In a recent research and education article, we gave an overview of spore-based probiotics, what they are, and how they function within the gastrointestinal (GI) tract compared to more-commonly used lactic acid bacteria (LAB) probiotic supplements. A more in-depth discussion on how spore-based biotics may benefit and support the digestive system is needed for further understanding of its value. In addition to aiding in overall digestion and daily bowel regularity and function, these shelf-stable, spore-forming bacteria such as Bacillus subtilis, Bacillus coagulans, and Bacillus clausii improve the survivability of LAB, help with symptoms associated with “leaky gut”, and reduce an overgrowth of pathogenic bacteria within the intestines, which can often be the root cause of GI distress and digestive pathologies.
Spore-based Species Support LAB Survival
Bacillus subtilis, a spore-based non-pathogenic probiotic, has recently gained much interest in research and in new supplement formulas as it has been shown to withstand the harsh conditions of the GI tract unlike the lactic acid Bifidobacterium and Lactobacilli species, whose effectiveness has had mixed results in the scientific literature. B. subtilis produces an extracellular matrix that protects itself from stressful environments and was shown to actually increase the survivability of lactic acid bacteria when they were cultivated together, suggesting a novel delivery technique. When LAB is coadministered with spore-based probiotics the biodiversity of the microbiome increases as more viable probiotics are delivered to intestines where the bacteria can propagate robustly.
Spore-based Probiotics & Leaky Gut
Dietary endotoxemia is correlated with a variety of chronic non-communicable, preventable conditions such as type 2 diabetes, cardiovascular disease, cognitive disorders, autoimmune diseases, chronic constipation, mood disorders like depression, and chronic pain. Researchers have found that levels of endotoxins in the blood are caused by the popularly used term “leaky gut syndrome” also known as intestinal permeability. Because the endothelial lining of the intestines is only one cell layer thick, years and years of eating nutrient-poor, calorie-rich foods that are processed and highly inflammatory, that mucosal lining that is meant to protect our bodies from toxins, allergens, and pathogens creates gaps allowing those bacterial endotoxins to escape through into the bloodstream, resulting in endotoxemia.
A randomized controlled trial published in the World Journal of Gastrointestinal Pathophysiology studied healthy subjects who were identified as having dietary endotoxemia, which is when there is an elevated level of endotoxins (e.g., LPS) in the blood after eating a high-fat, high-sugar meal which is very common in Western society. In the study, participants were randomized to receive either a placebo (rice flour) or a multi-spore formulation (B. subtilis, B. coagulans, B. licheniformis, B. clausii, and B. indicus) for 30 days, while maintaining their regular diets and lifestyle habits during the study period. Results showed statistical significance in the spore-based probiotic group with a 42% reduction in post-prandial endotoxin, a 24% reduction in triglyceride, as well as significant reductions in post-prandial pro-inflammatory cytokines, IL-12p70 and IL-1. The results of the study suggest that oral spore-based probiotic supplementation may be a wonderful adjunct to a healthy diet and lifestyle for reducing symptoms indicative of “leaky gut syndrome”.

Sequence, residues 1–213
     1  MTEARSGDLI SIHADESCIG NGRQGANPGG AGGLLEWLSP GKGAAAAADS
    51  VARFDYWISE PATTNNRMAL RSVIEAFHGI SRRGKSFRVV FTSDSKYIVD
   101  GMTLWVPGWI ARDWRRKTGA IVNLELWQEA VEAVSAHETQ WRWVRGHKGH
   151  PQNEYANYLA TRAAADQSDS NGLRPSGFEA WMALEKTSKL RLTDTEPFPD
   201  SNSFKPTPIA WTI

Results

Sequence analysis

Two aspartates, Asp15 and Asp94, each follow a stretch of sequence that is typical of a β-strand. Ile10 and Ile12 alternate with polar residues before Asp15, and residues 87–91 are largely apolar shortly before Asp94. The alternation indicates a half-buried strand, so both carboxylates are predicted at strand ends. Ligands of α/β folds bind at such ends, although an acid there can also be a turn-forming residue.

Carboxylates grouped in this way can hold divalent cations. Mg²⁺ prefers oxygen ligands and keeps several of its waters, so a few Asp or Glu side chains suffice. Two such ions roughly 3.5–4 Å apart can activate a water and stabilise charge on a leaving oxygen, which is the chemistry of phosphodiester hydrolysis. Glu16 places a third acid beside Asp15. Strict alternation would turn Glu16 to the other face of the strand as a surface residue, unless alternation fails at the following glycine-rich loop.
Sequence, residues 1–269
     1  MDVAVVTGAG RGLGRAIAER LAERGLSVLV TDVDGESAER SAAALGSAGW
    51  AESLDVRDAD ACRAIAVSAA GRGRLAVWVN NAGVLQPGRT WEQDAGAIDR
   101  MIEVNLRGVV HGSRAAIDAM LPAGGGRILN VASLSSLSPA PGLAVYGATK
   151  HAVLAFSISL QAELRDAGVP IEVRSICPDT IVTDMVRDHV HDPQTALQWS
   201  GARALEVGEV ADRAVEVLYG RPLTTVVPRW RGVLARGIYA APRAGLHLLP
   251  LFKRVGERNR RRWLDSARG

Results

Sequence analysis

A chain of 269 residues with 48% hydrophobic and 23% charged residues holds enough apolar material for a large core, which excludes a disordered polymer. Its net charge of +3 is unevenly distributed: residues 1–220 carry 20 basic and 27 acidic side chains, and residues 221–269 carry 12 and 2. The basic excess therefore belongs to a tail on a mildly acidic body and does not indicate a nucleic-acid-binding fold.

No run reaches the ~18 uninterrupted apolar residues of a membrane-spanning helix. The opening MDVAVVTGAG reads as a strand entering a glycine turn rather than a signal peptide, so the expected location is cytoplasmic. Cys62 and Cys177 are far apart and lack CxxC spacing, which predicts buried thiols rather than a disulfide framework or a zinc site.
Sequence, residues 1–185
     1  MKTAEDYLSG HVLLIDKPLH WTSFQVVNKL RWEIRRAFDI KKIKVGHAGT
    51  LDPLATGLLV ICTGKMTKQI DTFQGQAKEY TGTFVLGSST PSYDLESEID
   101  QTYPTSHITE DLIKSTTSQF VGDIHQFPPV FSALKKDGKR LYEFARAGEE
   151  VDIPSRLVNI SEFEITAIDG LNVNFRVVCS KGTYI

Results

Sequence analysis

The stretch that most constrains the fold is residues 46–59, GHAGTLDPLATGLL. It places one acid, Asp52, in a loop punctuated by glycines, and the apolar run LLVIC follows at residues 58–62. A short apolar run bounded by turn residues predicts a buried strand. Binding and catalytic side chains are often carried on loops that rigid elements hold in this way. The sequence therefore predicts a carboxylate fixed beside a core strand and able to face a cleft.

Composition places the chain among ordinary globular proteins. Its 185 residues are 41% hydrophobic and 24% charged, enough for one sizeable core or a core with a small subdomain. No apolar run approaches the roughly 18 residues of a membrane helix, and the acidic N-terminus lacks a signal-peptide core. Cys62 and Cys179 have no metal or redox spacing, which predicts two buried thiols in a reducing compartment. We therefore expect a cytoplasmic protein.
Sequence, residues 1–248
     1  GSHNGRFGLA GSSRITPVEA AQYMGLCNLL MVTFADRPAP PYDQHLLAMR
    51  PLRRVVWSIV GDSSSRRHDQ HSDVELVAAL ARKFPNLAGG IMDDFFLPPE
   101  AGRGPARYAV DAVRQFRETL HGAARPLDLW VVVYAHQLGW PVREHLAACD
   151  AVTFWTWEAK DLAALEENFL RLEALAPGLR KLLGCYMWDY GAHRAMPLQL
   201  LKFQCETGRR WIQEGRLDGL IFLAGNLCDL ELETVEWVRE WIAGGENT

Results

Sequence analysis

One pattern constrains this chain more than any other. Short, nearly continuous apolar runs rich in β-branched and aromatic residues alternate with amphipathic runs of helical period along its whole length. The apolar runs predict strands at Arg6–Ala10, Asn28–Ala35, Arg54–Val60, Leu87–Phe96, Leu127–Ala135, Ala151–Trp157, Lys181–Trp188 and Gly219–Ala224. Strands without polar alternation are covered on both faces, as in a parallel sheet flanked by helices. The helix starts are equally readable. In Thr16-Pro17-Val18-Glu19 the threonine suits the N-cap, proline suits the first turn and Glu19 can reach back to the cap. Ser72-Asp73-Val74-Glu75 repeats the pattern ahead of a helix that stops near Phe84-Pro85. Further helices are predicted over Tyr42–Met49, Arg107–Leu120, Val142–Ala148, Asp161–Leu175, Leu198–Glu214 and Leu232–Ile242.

Protection Against Pathogenic Bacteria
Beneficial spore-forming Bacillus strains are able to produce various antimicrobial and antifungal lipopeptides that help balance the internal bacterial environment within the host. Spore-based probiotics microbial balancers help to reduce or prevent overgrowth of pathogenic bacteria within the small intestines (SIBO), such as Candida albicans. Unlike lactic acid bacteria that typically not resistant to most antibiotics, spore-based probiotics are much more competitive against other strains, keeping invaders at bay and giving the host greater opportunity to return to homeostasis more quickly. After doing a complete secretome analysis, Cornell University determined that B. subtilis and B. clausii spores have intrinsic antibiotic-resistant genes and no toxin-producing genes, and can inhibit the cytotoxic effect of C. diff and B. cereus toxins.
A cell culture study showed that B. subtilis “can effectively maintain a favorable balance of microflora in the GI tract” as it produces a protective extracellular matrix...that could potentially protect an entire community of probiotic cells against unfavorable environmental conditions.” Data from the same study found that B. subtilis cells “possess robust anti-biofilm activity against Staphylococcus aureus through activating the antimicrobial lipopeptide production pathway.” In vitro data showed that B. subtilis to inhibit the growth of Candida albicans and E. coli.
Furthermore, supplementation with this species presented an increase in beneficial Bifidobacteria within the intestinal microbiome, which is shown to result in improved intestinal barrier function, lower inflammation, and lower LPS levels. This may help achieve favorable clinical outcomes for symptoms associated with irritable bowel syndrome and inflammatory bowel diseases that are caused by dysbiosis.
Understanding the effects of probiotics may be complex, but learning how to balance bacteria with spore-based probiotics is essential to helping your patients maintain gut health.